Bill Smith, Programs

This is the first of our monthly series on Getting to Know our Fellow Beekeepers. Please help me welcome our Beekeeper of the Year for 2013 Mr. Bill Smith.


Bill Smith, Programs 2014

What made you decide to keep bees?  I tried to retrieve a swarm of bees from my mother-in-law’s house. I thought I knew a lot about bees. But that experience ignited the bee fever instead. Shortly after that I went and bought my first hive and the challenge was on.
How many hives did you start with? Just one.
How many years have you had bees? Thirty-five years.
How many hives do you have now? Four hives.
What is the most important lesson you’ve learned in caring for bees? Most recently I’ve learned to be gentle … slow and gentle. Don’t stir them or upset the bees; the less disturbance the better.
What bee products do you make? I only bottle honey, and I have wax.
How and where do you sell them? I sell strained honey in quarts to returning customers who have heard about me through word of mouth. I don’t advertise or anything. But when I’m talking about bees, folks ask if I have honey. That’s how they find about me.
Do you treat your bees? Yes, I use thymol and formic acid (both are natural products). I prefer natural treatments because chemicals have a lot of side damage; they’re more harmful to my bees and my bee equipment.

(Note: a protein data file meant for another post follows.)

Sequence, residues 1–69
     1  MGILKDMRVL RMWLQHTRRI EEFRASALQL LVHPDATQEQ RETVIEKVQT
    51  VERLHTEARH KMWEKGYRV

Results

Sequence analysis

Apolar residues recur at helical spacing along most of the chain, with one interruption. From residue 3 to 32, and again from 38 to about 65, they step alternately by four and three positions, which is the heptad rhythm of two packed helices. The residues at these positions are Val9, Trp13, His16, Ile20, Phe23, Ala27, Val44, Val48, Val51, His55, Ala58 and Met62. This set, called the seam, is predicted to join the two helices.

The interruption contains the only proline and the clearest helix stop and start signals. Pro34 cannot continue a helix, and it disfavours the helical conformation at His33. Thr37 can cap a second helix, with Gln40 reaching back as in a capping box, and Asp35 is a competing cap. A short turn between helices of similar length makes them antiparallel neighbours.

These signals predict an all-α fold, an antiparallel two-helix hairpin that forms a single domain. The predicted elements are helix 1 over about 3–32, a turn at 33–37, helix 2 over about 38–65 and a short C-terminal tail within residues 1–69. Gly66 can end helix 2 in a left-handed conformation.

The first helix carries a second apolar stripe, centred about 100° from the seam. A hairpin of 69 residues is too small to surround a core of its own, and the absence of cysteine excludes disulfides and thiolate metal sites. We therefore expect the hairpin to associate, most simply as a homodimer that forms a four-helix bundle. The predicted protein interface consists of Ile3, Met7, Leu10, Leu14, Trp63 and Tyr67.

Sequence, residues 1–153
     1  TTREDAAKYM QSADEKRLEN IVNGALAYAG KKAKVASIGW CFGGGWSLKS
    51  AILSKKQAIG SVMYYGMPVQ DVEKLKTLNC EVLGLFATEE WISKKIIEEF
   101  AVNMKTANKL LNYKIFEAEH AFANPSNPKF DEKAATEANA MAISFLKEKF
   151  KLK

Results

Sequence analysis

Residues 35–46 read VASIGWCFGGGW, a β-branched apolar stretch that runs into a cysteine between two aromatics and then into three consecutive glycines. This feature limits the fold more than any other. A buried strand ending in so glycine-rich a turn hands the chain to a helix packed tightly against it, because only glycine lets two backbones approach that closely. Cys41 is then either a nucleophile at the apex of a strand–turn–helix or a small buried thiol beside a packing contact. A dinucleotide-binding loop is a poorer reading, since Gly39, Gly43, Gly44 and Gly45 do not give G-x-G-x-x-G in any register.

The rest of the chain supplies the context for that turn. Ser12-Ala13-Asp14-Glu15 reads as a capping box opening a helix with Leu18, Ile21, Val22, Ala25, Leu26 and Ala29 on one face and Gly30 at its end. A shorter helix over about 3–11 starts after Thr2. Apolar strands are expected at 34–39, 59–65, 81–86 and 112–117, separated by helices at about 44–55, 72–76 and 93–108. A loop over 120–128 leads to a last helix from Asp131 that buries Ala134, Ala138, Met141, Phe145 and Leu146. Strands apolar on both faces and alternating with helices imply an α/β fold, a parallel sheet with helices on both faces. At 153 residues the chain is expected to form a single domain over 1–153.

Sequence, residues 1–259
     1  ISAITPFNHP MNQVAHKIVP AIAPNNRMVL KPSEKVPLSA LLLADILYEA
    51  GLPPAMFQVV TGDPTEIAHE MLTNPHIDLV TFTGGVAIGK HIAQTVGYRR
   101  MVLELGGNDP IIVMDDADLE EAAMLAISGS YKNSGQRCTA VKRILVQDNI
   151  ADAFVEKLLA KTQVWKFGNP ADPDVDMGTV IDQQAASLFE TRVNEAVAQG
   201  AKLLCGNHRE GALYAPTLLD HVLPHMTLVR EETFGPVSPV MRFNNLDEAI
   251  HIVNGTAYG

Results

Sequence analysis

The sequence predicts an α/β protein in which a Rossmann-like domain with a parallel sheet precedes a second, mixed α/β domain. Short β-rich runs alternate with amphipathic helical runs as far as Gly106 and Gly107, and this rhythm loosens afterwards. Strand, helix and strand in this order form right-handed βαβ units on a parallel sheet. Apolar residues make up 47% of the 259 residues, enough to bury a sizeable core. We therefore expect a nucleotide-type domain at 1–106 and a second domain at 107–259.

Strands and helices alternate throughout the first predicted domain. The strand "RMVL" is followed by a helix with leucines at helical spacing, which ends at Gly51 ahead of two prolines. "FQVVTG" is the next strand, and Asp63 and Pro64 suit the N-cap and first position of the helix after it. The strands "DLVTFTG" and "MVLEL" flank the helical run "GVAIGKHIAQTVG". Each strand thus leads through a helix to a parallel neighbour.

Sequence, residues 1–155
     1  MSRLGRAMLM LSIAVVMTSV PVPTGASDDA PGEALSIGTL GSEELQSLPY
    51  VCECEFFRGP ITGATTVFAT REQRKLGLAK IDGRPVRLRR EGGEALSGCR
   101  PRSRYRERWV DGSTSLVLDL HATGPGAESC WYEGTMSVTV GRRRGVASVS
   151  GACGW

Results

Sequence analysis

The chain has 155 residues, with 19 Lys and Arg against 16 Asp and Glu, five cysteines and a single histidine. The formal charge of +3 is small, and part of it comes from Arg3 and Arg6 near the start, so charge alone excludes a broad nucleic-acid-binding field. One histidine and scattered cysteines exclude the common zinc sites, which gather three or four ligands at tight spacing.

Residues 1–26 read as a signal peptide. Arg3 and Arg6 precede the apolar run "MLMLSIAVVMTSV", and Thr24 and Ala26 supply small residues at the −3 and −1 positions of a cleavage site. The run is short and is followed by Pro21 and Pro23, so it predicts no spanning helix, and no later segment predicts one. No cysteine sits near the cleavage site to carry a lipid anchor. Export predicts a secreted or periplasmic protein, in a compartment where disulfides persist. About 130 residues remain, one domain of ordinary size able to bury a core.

Do you use queen excluders? Why or why not? That’s a hard one to answer: I use it very sparingly. I like to let the bees start working then if necessary I may use an excluder. However, if I have a super full of honey then add another super, I won’t add an excluder because the queen won’t go through it.
Do you use screened bottom board or screened top boards? Neither one. I use a loose solid board, inner cover and outer cover. I’m probably in the minority on this but I’ve found that a screen bottom board makes my bees work higher in the hive; they don’t work in the bottom brood chamber.
Where do you buy your sugar? Domino’s Chrystal in Charlotte makes liquid sugar as a commercial basis. They sell the liquid sugar that is not table grade to beekeepers. It may granulate but I just heat it and it’s OK. I buy it in five gallon containers.

Additional Comments:
I’ve been a Master Beekeeper ever since the program began. I remember when Dr. John T. Ambrose sent out a newsletter introducing the NC Master Beekeeper Program (1982) that he had developed. The newsletter said that the course would be taught at the state meeting in Apex, NC. I sat through a seven hour class then took the class test and the practical test that day and passed. I believe the Master beekeeper program is great because it encourages a continuous learning process. It opens doors.

One of my intentions is to educate beginner beekeepers so that they won’t’ lose bees.
Thank you, Bill for taking a few minutes to share your thoughts with us and congratulations on being SCBA’s Beekeepers of the Year for 2013.

For more information about the NC Master Beekeeping Program, follow this link

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